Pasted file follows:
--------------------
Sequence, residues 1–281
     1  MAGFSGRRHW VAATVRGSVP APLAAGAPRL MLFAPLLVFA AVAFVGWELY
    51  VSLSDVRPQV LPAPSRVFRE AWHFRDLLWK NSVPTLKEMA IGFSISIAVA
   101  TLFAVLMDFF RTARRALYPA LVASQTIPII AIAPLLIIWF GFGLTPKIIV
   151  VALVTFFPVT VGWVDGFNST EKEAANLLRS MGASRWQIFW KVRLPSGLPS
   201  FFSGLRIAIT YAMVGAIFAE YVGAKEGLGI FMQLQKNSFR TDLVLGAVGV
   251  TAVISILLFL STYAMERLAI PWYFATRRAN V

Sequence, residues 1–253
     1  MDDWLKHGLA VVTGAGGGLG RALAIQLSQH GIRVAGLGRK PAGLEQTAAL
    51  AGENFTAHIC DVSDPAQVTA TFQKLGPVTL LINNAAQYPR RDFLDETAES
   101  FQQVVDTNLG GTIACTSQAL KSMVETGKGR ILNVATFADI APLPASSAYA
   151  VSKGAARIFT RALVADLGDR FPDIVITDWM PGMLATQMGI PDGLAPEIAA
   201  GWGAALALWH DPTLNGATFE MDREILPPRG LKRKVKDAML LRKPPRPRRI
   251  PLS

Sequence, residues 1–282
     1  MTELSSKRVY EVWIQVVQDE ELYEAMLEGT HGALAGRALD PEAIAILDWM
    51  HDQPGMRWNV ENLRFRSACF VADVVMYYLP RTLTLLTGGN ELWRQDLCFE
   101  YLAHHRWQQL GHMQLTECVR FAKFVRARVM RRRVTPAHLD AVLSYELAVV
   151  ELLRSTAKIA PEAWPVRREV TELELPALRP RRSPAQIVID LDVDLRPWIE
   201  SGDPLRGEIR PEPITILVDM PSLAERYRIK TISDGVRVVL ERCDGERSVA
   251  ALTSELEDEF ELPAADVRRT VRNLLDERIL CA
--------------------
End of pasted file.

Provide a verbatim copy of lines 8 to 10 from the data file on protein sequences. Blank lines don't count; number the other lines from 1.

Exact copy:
Sequence, residues 1–253
     1  MDDWLKHGLA VVTGAGGGLG RALAIQLSQH GIRVAGLGRK PAGLEQTAAL
    51  AGENFTAHIC DVSDPAQVTA TFQKLGPVTL LINNAAQYPR RDFLDETAES